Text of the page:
Operation of an embodiment of the present invention permits accurate determination of the location at which a wireless communication station is positioned, even when the communication station is positioned in a non-ideal propagation environment, such as that which sometimes exists in an urban area.

In one implementation, the wireless communication station forms a mobile station, such as a mobile station operable in a cellular communication system. TOA (time-of-arrival) signals, such as those generated in a GPS (global positioning system), or a radio base station operable in a cellular communication system, are detectable by the mobile station. Such TOA-signals are utilized to determine the geographical positioning of the mobile station.

When three separate TOA-signals are delivered to the mobile station by line-of-sight (LOS) transmission by a TOA-signal sending station determination of the mobile station is accurately determinable utilizing conventional trilateration techniques. However, use of conventional trilateration techniques does not provide an entirely accurate determination of the geographical positioning of the mobile station in the event that the mobile station is cause to be operated in a non-ideal propagation environment.

Operation of an embodiment of the present invention permits more accurate determinations to be made of the geographical positioning of the mobile station when the mobile station is operated in a non-ideal propagation environment.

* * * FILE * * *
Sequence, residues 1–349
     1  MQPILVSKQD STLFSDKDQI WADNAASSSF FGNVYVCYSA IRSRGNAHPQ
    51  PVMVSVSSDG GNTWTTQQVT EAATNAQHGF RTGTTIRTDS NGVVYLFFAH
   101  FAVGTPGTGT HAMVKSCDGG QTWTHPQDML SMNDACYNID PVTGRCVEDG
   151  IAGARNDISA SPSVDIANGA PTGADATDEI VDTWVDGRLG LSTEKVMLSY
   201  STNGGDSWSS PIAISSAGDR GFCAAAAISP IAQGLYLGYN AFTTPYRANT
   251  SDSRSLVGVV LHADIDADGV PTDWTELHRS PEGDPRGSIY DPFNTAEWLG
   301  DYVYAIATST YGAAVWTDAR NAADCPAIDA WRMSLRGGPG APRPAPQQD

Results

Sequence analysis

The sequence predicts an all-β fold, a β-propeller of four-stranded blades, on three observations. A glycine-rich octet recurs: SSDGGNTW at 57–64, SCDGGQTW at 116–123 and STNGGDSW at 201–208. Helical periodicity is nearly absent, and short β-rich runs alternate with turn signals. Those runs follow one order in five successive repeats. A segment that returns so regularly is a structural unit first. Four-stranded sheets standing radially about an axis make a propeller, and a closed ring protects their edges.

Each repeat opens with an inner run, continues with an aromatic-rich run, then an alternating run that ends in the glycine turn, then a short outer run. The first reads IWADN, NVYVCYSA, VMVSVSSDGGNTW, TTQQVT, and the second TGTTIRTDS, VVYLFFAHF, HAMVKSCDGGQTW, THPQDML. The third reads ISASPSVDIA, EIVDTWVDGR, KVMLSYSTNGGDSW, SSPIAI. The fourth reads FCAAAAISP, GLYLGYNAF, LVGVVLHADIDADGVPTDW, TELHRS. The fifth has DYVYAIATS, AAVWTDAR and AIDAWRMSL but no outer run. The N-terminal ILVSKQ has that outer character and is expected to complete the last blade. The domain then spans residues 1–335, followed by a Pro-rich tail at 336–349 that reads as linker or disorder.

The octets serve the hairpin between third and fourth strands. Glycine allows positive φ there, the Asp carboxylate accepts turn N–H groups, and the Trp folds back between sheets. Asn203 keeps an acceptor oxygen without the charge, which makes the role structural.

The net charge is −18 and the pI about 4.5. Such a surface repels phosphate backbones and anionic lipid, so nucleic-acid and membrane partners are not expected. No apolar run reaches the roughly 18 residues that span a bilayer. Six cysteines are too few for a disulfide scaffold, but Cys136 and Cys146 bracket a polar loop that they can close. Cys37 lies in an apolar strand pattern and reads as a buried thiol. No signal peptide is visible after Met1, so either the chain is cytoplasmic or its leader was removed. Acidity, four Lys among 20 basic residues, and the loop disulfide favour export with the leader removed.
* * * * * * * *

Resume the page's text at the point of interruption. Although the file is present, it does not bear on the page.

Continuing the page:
In one aspect of the present invention, an accurate determination of the geographical positioning of a wireless communication station is made even if one or more of three TOA-signals are delivered to the mobile station by a non-line-of-sight (NLOS) delivery. NLOS delivery of the TOA-signals might occur, for instance, when the communication station is positioned in an urban area, and a building is positioned between the TOA-signal sending station and the wireless communication station to block a direct, LOS transmission of the TOA-signals. Compensation is made for range residue, i.e., error caused by NLOS delivery of the TOA-signals, thereby to provide an accurate indication of the geographical positioning of the wireless communication station.

In one implementation, a location fix is calculated in conventional manner at the wireless communication station. Indications of the calculated location fix are provided to a location computing station. When implemented in a cellular communication system, indications of the location fix are calculated at the mobile station and transmitted to network infrastructure. A location computing station at the network infrastructure associates the area surrounding the location fix with a topographical map indicating the topographical features positioned about the calculated location fix. Simulated ray traces are created to extend between the TOA-signal sending stations and various positions located at grid points. Values associated with the simulated ray paths are used to form a correction table, and the correction table is utilized to correct an error in the calculated location fix caused by NLOS transmission of the TOA-signals. In another implementation, a location fix is also calculated at the wireless communication station. Responsive to the location fix calculated by the wireless station, data pertaining to, and forming, a topographical map is sent to the wireless station. The functions of a location computing station, i.e., ray tracing, database formation, and position determining, are performed at the wireless station.